The class was determined to be not subject to IRB review. That is, it did not come under the definition of “research involving human subjects” from the regulatory perspective. (Remember that this is distinct from “exempt”, which is a category of review.)

There were two reasons for the determination, as I understand it. The first was that it is a class activity, and most class activities are considered not to come under these rules. The relevant passage in the regulations is here:

§46.101 To what does this policy apply?

(b) Unless otherwise required by department or agency heads, research activities in which the only involvement of human subjects will be in one or more of the following categories are exempt from this policy:

(1) Research conducted in established or commonly accepted educational settings, involving normal educational practices, such as (i) research on regular and special education instructional strategies, or (ii) research on the effectiveness of or the comparison among instructional techniques, curricula, or classroom management methods.

In this case, even though publications are likely to come out of the project, this clause was deemed to cover field methods classes.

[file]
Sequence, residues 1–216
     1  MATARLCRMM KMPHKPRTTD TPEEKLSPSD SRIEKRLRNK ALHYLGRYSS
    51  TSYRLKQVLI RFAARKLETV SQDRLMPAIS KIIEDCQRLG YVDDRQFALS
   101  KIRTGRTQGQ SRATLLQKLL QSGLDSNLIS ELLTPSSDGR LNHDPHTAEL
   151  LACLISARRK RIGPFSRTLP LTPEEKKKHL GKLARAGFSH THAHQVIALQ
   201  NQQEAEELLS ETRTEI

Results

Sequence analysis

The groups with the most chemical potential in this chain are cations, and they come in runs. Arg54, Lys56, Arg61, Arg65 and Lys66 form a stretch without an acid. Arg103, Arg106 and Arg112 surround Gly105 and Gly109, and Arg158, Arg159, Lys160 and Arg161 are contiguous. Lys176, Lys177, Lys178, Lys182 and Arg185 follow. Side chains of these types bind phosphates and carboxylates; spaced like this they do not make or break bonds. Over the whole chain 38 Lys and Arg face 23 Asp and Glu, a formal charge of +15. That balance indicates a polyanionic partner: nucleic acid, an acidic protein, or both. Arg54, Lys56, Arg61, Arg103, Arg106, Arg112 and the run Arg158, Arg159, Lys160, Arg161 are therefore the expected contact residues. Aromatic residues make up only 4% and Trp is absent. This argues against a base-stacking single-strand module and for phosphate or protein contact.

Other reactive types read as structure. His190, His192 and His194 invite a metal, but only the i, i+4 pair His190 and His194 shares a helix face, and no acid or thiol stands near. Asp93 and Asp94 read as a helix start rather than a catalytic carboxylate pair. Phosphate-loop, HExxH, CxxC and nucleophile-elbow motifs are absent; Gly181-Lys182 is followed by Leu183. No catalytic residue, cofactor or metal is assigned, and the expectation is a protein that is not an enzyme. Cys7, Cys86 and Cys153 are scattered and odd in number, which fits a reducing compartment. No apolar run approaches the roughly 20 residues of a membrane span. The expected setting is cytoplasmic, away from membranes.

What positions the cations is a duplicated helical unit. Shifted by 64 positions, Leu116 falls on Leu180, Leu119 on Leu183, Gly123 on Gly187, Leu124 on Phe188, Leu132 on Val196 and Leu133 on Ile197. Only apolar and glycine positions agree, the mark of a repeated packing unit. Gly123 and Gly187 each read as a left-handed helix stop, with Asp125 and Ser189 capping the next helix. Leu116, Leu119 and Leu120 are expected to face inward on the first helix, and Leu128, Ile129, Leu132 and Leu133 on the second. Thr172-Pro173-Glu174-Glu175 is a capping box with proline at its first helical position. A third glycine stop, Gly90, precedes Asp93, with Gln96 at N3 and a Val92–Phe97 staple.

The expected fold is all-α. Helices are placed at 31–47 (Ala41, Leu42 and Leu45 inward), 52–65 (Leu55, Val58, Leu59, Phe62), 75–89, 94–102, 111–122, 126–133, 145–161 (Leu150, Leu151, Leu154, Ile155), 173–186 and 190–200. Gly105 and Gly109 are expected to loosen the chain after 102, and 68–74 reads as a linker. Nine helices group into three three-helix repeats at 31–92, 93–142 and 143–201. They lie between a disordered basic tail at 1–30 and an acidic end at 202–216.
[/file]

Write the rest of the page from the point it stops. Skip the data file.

The second reason was that the class is studying the structures of language, not human behavior. That is, we will be doing research about the properties of the language, and not the speaker. The crucial point here is the definition of a human subject:

(f) Human subject means a living individual about whom an investigator (whether professional or student) conducting research obtains …

Since we are not gathering information about our consultant, but about her language, the regulations don’t apply.

Note: I present this material here as a case study. I am not saying that on the basis of this determination, no field methods classes need to be approved by IRBs. Instructors for field methods classes need to check with their own IRBs about how they interpret these regulations. Furthermore, in my class I make sure that the students receive training in consent procedures and other areas of ethical regulation, and our consultant is an employee of the university for this semester (that is, we employ our consultant as an junior instructor in the class) – this may also have an effect on how the regulations are interpreted.